Jürgenssen started to measure femininity against criteria established by men very early on. At the age of eight, she began to fill the pages of a school notebook with drawings based on pictures by Picasso, some of them copied faithfully, others with improvised elements.
What does lament sound like? Ask Helen Cammock, and a multitude of voices unfurl—voices made of feelings that fail language but unfold through it. Lamentations, mourning, and grief are acknowledgments of pain embedded with ecstatic grace. They signal the ability to overcome distress via narrative, fellowship, and hope, and point toward what can be done, what is to come, and, ultimately, what stays within us along the path.
In his new exhibition at Magasin III Jaffa in Tel Aviv, Israeli-born, Copenhagen-based artist Tal R follows Picasso’s footsteps with his own version of Guernica (1937), an opportunity to reflect upon the artist’s yearslong penchant for appropriating the history of modern art and to consider its aesthetico-political implications.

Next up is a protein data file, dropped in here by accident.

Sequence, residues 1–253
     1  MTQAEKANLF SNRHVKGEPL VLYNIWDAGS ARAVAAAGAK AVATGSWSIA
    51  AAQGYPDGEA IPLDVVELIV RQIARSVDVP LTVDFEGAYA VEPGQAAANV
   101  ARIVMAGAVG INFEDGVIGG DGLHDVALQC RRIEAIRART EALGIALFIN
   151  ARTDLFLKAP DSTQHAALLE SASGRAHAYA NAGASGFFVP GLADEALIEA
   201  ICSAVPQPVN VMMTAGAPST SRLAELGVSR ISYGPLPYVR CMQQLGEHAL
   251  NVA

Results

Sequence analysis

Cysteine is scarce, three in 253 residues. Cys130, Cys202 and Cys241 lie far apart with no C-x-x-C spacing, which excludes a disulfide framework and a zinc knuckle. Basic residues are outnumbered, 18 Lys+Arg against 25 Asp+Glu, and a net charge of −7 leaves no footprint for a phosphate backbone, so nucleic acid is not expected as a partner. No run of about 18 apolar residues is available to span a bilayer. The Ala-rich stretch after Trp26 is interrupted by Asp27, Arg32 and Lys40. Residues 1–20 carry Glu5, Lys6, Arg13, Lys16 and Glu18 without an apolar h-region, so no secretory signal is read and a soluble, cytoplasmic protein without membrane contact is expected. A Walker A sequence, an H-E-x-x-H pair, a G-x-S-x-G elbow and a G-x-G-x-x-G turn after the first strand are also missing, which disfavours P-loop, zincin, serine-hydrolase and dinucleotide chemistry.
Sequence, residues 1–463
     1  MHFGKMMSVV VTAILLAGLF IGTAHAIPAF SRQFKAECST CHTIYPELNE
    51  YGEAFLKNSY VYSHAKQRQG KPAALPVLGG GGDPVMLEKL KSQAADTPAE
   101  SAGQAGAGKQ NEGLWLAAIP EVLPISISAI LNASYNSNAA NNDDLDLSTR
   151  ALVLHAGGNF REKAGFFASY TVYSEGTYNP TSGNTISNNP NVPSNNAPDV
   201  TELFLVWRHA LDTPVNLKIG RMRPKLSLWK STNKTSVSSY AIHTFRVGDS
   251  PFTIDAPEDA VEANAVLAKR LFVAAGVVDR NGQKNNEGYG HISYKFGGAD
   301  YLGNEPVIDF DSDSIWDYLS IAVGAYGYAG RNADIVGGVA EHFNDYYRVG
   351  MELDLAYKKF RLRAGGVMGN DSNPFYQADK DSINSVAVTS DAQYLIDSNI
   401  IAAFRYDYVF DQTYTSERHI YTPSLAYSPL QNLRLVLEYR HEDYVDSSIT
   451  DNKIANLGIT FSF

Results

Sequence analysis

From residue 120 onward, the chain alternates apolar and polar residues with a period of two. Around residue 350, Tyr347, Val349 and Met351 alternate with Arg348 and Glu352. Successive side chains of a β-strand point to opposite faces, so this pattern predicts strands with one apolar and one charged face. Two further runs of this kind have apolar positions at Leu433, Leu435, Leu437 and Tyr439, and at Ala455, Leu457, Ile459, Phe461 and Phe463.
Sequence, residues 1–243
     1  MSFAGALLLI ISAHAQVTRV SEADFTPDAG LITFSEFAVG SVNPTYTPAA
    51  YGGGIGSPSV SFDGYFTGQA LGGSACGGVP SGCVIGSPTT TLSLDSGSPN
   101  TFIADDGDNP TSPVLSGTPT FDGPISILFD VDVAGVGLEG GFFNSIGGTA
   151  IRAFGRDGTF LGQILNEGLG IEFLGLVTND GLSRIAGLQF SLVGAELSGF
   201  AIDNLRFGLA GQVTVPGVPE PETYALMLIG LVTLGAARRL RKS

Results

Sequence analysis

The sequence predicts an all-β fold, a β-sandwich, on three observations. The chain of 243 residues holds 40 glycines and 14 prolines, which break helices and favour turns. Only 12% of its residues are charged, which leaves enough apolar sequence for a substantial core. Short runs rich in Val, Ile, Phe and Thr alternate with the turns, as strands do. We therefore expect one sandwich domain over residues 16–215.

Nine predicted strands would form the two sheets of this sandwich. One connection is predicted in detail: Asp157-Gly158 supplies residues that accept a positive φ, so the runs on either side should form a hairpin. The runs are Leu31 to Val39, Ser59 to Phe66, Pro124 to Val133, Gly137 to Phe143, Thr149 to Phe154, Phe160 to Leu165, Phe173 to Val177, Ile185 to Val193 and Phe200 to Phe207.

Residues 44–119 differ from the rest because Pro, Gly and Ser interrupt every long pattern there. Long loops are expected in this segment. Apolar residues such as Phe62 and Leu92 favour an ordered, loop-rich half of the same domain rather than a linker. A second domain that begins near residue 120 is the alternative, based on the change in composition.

The idea of systemic fear infuses the whole exhibition. From the fear of failure to the fear of violence or exclusion, fear is real, and it is meted out to certain population groups by the structures of disempowerment they have to struggle against—structures mainly built by others.
I first encountered Korean artist Mire Lee via an Instagram story—a documentation of Andrea, Ophelia, at the endless house (2018). Her works, despite intermediary layers of digital conversion, evoked a convolution of haptic intrigue: the darkened studio space was dimly lit by a screen looping a voyeuristic video of Asian women in transit. Next to it, a mysterious, wet thing—towels, chains, silicone hoses, and steel wire entangled into a giant lump—slowly rotated in a pool of glycerin spread across a steel plinth suspended by a set of tentacular appendages. Suddenly the thing spasmed, making a loud noise as it disentangled itself and splashed gooey liquid onto the floor. Confronted by that creature born of machinery and slime, I felt a mixture of nausea and arousal.